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Agile Manufacturing: Forging New Frontiers

Main Home >Paul T Kidd > Paul T Kidd's Books - Non-Fiction > Agile Manufacturing Forging New Frontiers Home > Chapter 4

Agile Manufacturing: Forging New Frontiers

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Agile Manufacturing

Paul T Kidd

ISBN 0-201-63163-6 (Hardbound)

Publisher: Addison Wesley

Price: See buy on-line link

Publication Date: June 1994

 
 

Agile Manufacturing: Forging New Frontiers

Chapter 4 Introduction

The management accounting methods that we have traditionally used in manufacturing industry, were mostly developed during the age of labour intensive mass production. The business environment of this era was largely based on home consumption, secure export markets, stable demand and limited competition.

This environment is now changing. Much of manufacturing is no longer labour intensive, and high volume, low variety production has given way to high variety, low volume production. Markets have also become more global and dynamic, and the business environment is much more competitive. Moreover, manufacturing technology has become more sophisticated, and the benefits are no longer confined to the place of implementation and use. The technology can now bring company wide benefits, which are not only concerned with cost savings, but also with the potential for revenue generation (for example, as a result of increased customer responsiveness).

Against this background of change, one aspect of manufacturing has remained largely unchanged. The management accounting and investment appraisal methods that we use in today's manufacturing environment, are much the same as those used fifty years ago (Johnson and Kaplan 1987, Kaplan 1989). In fact, many of the basic ideas of management accounting can be traced back to the scientific management movement started by Frederick Taylor, in the United States, in the late part of the 19th century (Kaplan 1984, 1989).

There is now increasing criticism of these outdated methods in the accounting and management literature. A notable milestone in this critique was the publication in 1987 of Professors Johnson and Kaplan's book, Relevance Lost: the Rise and Fall of Management Accounting (Johnson and Kaplan 1987). In the late 1980s and early 1990s activity based costing (ABC) emerged as an important alternative management accounting method (Brimson 1991, Turney 1992). We will return to ABC in Chapter 9.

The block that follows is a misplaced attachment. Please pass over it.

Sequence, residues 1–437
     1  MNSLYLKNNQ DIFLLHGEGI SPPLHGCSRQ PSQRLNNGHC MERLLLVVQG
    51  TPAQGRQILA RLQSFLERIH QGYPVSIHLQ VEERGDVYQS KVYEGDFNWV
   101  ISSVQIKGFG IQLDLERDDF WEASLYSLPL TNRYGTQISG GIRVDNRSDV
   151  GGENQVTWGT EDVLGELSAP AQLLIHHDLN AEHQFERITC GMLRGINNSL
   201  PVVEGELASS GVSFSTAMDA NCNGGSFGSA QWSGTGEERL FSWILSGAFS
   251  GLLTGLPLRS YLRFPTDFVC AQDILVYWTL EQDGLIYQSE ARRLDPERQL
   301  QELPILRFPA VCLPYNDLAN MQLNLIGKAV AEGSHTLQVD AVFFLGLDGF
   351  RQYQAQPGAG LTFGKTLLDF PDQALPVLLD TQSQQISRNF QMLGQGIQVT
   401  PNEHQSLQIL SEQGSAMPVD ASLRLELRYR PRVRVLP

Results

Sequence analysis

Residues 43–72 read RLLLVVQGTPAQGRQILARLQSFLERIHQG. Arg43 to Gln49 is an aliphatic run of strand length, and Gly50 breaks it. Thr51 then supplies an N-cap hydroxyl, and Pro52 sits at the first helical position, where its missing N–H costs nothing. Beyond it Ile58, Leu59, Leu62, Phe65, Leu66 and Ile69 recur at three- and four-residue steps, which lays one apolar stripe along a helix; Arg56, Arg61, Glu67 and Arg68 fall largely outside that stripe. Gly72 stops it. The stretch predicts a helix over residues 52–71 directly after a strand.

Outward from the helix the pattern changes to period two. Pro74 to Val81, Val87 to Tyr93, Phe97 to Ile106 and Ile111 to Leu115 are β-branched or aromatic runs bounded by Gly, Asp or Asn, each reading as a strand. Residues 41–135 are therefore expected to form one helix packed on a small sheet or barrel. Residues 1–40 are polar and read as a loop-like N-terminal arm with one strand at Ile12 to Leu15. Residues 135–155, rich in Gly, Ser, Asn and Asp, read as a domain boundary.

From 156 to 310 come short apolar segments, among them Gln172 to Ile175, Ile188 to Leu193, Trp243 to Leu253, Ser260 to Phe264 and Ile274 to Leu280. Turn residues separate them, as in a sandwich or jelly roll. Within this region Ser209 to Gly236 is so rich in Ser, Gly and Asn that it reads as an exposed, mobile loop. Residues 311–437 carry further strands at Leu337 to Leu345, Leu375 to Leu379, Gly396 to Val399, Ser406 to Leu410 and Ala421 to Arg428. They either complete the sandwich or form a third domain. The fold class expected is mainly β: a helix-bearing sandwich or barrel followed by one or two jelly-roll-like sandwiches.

In this chapter we wish to examine the criticisms of our traditional management accounting methods and to consider some of the problems associated with the financial appraisal of advanced manufacturing technologies (AMT) such as flexible manufacturing systems (FMS) and computer integrated manufacturing (CIM) systems.

The reason why we wish to focus our attention on the management accounting paradigm is because management accounting forms a central part of any manufacturing business. Management accounting systems provide us with the financial information that helps us to make business decisions. In this Chapter we shall try to demonstrate that our traditional management accounting systems also provide the framework that supports and keeps alive many of our outdated manufacturing practices and beliefs. Our hypothesis is quite simple: if we want to change our traditional practices and beliefs, one of the first places to start is with our management accounting systems.

Management accounting is primarily concerned with three issues: product costing; performance measurement and control systems; and investment appraisal. We shall, therefore, briefly examine the basics of each of these areas. At each step, we will consider why our well established techniques are inappropriate to Agile Manufacturing environments. We will start with investment appraisal.

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